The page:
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Causation of loss in Credit Hire Claims – an alternative form of illegality Defence

14 September 2023
The absence of a valid MOT in a claim for damages for the repayment of vehicle hire charges following a road traffic accident gave rise to a separate type of illegality defence.  

DWF acted upon instructions from RSA's Foreign Claims Unit, on behalf of TVM Verzekeringen for the Respondent in the recent case of Ali v HSF Logistics Polska sp zoo (2023) in which Mr Justice Martin Spencer found that the Claimant's failure to ensure his vehicle had a valid MOT in place 4 ½ months prior to the accident, gave rise to "an alternative form of illegality" defence in the context of both causation and / or mitigation of loss, as 'but for' the accident the Claimant would not have obtained such an MOT in the hire period.

Defendant Insurers are frequently presented with credit hire claims in circumstances where it subsequently transpires that the Claimant's damaged vehicle did not have a valid MOT, Insurance Certificate, or road fund licence, at the material time. Until relatively recently, Defendants  sought to rely on Agheampong v Allied Manufacturing (London) Limited ([2008]  6 WLUK 740 , a decision of the lower courts in which HHJ Dean QC (as he was) explored the principles of ex turpi causa in a credit hire claim where the Claimant was not insured  to drive his own vehicle.

The lower courts are familiar with the application of this doctrine and the various different forms of illegality that can arise in credit hire claims. Most recently, this was pleaded in Agbalaya v London Ambulance Service (Central London CC, 17 February 2022, HHJ Letham, unreported) – a decision which Mr Justice Martin Spencer specifically referred to in his  Judgment - when a separate nuanced defence to credit hire claims borne out of some accepted form of illegality on the Claimant's part was enunciated on grounds of causation.

The decision of the High Court in Ali –v- HSF Logistics Polska, which is the subject of this article, will be welcomed as providing some much needed clarity on the interpretation of the law in the area of credit hire claims, and specifically when it is accepted that some form of illegality (such as there being no MOT) subsists on the Claimant's side.


On 20th February 2021, the Defendant's Employee's lorry was involved in a collision with Mr Ali's parked and unattended Volvo XC60. The Claimant's vehicle was damaged as a result of the collision and was sent for repair. Mr Ali entered into a credit hire agreement for a replacement vehicle and subsequently issued proceedings against the Defendant seeking an award of damages comprising  Hire (claimed in the sum of £21,588.72), Repairs (claimed in the sum of £2,184.22), and Recovery (claimed in the sum of £354.00).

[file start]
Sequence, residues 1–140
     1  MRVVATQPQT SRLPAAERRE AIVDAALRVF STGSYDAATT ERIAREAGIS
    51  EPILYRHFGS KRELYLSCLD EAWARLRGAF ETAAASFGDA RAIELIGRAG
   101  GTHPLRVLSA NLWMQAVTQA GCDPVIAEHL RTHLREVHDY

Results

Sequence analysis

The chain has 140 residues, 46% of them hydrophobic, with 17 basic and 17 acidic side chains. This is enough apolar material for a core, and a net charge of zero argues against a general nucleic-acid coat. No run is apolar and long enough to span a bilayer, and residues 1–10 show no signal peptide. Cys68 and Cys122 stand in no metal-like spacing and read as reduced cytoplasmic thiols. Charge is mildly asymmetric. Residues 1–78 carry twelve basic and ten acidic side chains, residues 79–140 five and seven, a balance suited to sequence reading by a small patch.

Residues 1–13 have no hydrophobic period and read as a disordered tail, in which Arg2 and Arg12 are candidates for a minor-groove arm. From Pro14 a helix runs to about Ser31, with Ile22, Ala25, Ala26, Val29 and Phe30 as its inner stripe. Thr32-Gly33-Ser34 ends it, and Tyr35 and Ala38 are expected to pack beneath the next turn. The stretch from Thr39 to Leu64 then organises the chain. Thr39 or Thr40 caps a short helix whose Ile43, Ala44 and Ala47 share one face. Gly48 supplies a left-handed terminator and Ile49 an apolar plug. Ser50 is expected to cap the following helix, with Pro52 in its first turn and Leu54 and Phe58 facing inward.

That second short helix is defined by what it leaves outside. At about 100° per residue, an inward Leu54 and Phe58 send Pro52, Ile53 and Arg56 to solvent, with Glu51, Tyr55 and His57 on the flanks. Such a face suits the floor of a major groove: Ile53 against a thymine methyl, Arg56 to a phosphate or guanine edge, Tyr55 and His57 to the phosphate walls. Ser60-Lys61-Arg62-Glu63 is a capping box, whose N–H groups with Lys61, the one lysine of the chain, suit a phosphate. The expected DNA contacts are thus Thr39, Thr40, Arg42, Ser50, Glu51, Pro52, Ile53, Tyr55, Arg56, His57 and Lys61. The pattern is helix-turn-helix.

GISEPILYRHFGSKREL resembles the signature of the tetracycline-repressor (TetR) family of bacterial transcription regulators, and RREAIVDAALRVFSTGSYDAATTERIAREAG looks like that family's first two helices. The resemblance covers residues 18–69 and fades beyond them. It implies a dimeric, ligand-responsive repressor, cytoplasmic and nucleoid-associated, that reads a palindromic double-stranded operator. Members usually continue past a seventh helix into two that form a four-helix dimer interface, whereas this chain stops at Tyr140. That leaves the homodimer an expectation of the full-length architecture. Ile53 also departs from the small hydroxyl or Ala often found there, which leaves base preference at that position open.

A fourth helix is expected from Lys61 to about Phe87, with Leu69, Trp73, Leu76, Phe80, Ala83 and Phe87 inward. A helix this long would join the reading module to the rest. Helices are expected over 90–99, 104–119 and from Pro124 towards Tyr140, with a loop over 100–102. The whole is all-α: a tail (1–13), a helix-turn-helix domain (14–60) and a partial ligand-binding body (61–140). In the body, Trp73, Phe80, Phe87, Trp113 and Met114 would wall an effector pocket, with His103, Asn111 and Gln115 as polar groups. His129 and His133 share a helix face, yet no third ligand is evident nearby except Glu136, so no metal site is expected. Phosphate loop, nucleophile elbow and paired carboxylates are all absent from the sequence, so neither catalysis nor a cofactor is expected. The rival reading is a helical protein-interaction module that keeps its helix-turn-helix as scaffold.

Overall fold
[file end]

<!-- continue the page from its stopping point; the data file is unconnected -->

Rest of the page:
Liability was not disputed although the claims for Hire, Repairs, and Recovery, were all denied. Moreover, the Defendant raised the issue of ex turpi causa pleading "…the Claimant's accident damaged vehicle did not have a valid MOT during the period of hire, as such the Defendant refers to the case of Agheampong v Allied Manufacturing (London) Ltd and states that the claim for hire charges are ex turpi causa"

It was common ground between the parties that the Claimant's Volvo did not have a valid MOT Test Certificate, despite requiring one (having first been registered in 2013), approximately 4 ½ months  prior to the accident. It was also accepted that such a failure and / or omission to ensure that the Volvo had a valid MOT Test Certificate at the material time is, and was, unlawful.

First Instance Decision

In what Mr Justice Martin Spencer described as a "well-reasoned and insightful judgment" at first instance, Mr Recorder Charman dismissed the claim for credit hire charges in its entirety. The credit hire claim failed on grounds of causation, rather than on the basis of the strict ex turpi causa defence.

The decision followed the reasoning of HHJ Letham in Agbalaya, with Mr Recorder Charman determining that the causation defence was distinctly separate from that of the ex turpi causa one, namely:

"The causation defence is in my judgment a distinct defence which is capable of applying only to the credit hire element of the claim because it is based on the distinct nature of the credit hire claim. The diminution in value claim and the recovery claim are claims for losses caused directly by the accident itself in the case of the former, and an expense necessarily incurred in the case of the latter, because unless the car was recovered it could not be repaired. The credit hire claim is different. It is a claim founded in the principle of mitigation of loss.  If it succeeds, it does so because it is an expense reasonably incurred by a claimant in mitigation or avoidance of a claim for loss of use of their vehicle.  The question of whether a claimant acts reasonably in hiring a replacement vehicle is separate from any issue of illegality."

And further more:

"Even more fundamentally, in order for the issue of mitigation to arise, it is necessary for a claimant to have a loss of use claim in the first place.  If immediately before the accident a claimant does not have a vehicle which they were entitled to use on the public highway, they cannot claim for the loss of use of such a vehicle which they could use on private land only".

Recorder Charman observed, in following HHJ Letham, that there had to be a distinction between the Claimant having a merely "driveable" vehicle, and one that was "useable" on the public highway. That consideration was paramount in the consideration of a causation defence since it exposed the Claimant's true loss of use in reality, which is inextricably linked to the fundamental principle of mitigation of loss.

The Appeal to the High Court